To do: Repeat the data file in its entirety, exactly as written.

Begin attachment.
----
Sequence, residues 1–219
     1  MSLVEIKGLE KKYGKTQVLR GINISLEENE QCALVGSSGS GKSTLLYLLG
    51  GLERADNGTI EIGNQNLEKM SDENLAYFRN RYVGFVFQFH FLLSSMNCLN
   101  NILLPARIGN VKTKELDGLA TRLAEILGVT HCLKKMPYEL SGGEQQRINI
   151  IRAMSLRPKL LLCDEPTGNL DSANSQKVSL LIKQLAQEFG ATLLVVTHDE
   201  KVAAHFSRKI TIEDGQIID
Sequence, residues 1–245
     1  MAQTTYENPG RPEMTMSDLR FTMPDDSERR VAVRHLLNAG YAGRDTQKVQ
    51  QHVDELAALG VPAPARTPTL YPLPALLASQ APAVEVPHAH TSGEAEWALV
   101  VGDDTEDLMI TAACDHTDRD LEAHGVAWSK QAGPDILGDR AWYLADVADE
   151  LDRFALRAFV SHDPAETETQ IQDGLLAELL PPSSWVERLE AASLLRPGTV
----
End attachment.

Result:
Sequence, residues 1–219
     1  MSLVEIKGLE KKYGKTQVLR GINISLEENE QCALVGSSGS GKSTLLYLLG
    51  GLERADNGTI EIGNQNLEKM SDENLAYFRN RYVGFVFQFH FLLSSMNCLN
   101  NILLPARIGN VKTKELDGLA TRLAEILGVT HCLKKMPYEL SGGEQQRINI
   151  IRAMSLRPKL LLCDEPTGNL DSANSQKVSL LIKQLAQEFG ATLLVVTHDE
   201  KVAAHFSRKI TIEDGQIID
Sequence, residues 1–245
     1  MAQTTYENPG RPEMTMSDLR FTMPDDSERR VAVRHLLNAG YAGRDTQKVQ
    51  QHVDELAALG VPAPARTPTL YPLPALLASQ APAVEVPHAH TSGEAEWALV
   101  VGDDTEDLMI TAACDHTDRD LEAHGVAWSK QAGPDILGDR AWYLADVADE
   151  LDRFALRAFV SHDPAETETQ IQDGLLAELL PPSSWVERLE AASLLRPGTV